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Re: [PATCH v2 0/3] virtio: increase VIRTQUEUE_MAX_SIZE to 32k


From: Stefan Hajnoczi
Subject: Re: [PATCH v2 0/3] virtio: increase VIRTQUEUE_MAX_SIZE to 32k
Date: Thu, 11 Nov 2021 16:31:52 +0000

On Wed, Nov 10, 2021 at 04:53:33PM +0100, Christian Schoenebeck wrote:
> On Mittwoch, 10. November 2021 16:14:19 CET Stefan Hajnoczi wrote:
> > On Wed, Nov 10, 2021 at 02:14:43PM +0100, Christian Schoenebeck wrote:
> > > On Mittwoch, 10. November 2021 11:05:50 CET Stefan Hajnoczi wrote:
> > > As you are apparently reluctant for changing the virtio specs, what about
> > > introducing those discussed virtio capabalities either as experimental
> > > ones
> > > without specs changes, or even just as 9p specific device capabilities for
> > > now. I mean those could be revoked on both sides at any time anyway.
> > 
> > I would like to understand the root cause before making changes.
> > 
> > "It's faster when I do X" is useful information but it doesn't
> > necessarily mean doing X is the solution. The "it's faster when I do X
> > because Y" part is missing in my mind. Once there is evidence that shows
> > Y then it will be clearer if X is a good solution, if there's a more
> > general solution, or if it was just a side-effect.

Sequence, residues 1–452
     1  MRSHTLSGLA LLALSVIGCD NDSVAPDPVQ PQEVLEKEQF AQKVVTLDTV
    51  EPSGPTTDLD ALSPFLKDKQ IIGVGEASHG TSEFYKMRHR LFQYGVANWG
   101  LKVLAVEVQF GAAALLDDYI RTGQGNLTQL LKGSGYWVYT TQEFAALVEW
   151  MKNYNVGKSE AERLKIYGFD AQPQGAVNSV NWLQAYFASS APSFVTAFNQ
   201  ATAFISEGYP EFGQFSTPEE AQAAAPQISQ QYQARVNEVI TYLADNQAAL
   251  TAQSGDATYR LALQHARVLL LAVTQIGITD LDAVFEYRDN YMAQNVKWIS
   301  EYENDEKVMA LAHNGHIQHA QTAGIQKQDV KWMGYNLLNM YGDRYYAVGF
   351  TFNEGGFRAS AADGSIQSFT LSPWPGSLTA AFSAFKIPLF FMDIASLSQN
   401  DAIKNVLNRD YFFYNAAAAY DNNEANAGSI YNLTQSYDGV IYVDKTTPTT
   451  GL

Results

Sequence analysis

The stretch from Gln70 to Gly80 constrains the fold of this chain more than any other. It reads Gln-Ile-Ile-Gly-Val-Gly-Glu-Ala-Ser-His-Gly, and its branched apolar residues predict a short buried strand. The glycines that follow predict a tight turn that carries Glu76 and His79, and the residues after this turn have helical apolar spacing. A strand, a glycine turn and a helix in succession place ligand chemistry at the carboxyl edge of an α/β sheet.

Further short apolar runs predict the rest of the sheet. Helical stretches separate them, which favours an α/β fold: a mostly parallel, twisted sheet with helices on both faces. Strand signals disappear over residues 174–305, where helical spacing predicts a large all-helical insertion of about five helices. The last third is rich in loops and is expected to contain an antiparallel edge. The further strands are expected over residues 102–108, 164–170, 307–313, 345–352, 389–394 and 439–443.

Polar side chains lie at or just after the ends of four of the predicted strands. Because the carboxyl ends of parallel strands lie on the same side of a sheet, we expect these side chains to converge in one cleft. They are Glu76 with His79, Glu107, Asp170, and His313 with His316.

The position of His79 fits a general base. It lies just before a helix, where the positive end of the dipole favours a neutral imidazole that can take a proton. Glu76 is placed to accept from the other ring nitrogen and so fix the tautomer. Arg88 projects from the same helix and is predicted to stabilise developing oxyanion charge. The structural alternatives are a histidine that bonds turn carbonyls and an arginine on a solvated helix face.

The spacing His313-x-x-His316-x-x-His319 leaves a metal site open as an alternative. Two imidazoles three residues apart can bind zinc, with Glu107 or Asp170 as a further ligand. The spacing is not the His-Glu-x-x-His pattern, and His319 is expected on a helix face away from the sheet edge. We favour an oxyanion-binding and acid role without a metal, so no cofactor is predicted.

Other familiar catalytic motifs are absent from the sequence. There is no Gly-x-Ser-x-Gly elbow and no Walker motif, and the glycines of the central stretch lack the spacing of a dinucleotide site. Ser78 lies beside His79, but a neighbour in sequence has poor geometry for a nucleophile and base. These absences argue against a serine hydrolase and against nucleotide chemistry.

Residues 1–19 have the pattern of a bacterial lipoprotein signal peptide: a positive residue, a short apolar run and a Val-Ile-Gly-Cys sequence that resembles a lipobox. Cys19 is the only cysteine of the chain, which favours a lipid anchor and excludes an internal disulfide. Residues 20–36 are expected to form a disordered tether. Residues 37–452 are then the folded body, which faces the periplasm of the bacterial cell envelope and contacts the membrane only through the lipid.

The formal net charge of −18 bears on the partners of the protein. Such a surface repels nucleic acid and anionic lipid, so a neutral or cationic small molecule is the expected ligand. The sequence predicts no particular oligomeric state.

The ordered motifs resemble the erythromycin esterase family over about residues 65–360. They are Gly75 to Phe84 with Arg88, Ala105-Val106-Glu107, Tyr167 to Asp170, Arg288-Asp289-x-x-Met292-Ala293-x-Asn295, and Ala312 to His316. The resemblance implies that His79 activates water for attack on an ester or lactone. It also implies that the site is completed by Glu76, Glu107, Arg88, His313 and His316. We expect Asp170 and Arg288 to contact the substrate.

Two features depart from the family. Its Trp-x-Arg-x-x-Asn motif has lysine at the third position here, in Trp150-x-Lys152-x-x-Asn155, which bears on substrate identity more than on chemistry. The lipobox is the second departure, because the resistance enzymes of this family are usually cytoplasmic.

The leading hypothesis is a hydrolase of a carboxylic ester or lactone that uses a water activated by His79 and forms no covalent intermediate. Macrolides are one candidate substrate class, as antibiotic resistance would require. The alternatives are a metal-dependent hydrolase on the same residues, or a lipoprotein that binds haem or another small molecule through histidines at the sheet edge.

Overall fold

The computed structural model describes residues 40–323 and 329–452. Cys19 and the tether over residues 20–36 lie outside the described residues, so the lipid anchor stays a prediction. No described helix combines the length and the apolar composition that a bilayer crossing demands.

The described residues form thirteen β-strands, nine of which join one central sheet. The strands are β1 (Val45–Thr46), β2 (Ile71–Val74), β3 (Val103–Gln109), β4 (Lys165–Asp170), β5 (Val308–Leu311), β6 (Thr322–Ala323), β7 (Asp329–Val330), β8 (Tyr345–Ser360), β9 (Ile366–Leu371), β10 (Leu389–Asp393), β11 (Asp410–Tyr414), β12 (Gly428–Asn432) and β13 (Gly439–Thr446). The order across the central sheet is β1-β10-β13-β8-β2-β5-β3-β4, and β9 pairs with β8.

> 
> I think I made it clear that the root cause of the observed performance gain 
> with rising transmission size is latency (and also that performance is not 
> the 
> only reason for addressing this queue size issue).
> 
> Each request roundtrip has a certain minimum latency, the virtio ring alone 
> has its latency, plus latency of the controller portion of the file server 
> (e.g. permissions, sandbox checks, file IDs) that is executed with *every* 
> request, plus latency of dispatching the request handling between threads 
> several times back and forth (also for each request).
> 
> Therefore when you split large payloads (e.g. reading a large file) into 
> smaller n amount of chunks, then that individual latency per request 
> accumulates to n times the individual latency, eventually leading to degraded 
> transmission speed as those requests are serialized.

It's easy to increase the blocksize in benchmarks, but real applications
offer less control over the I/O pattern. If latency in the device
implementation (QEMU) is the root cause then reduce the latency to speed
up all applications, even those that cannot send huge requests.

One idea is request merging on the QEMU side. If the application sends
10 sequential read or write requests, coalesce them together before the
main part of request processing begins in the device. Process a single
large request to spread the cost of the file server over the 10
requests. (virtio-blk has request merging to help with the cost of lots
of small qcow2 I/O requests.) The cool thing about this is that the
guest does not need to change its I/O pattern to benefit from the
optimization.

Stefan

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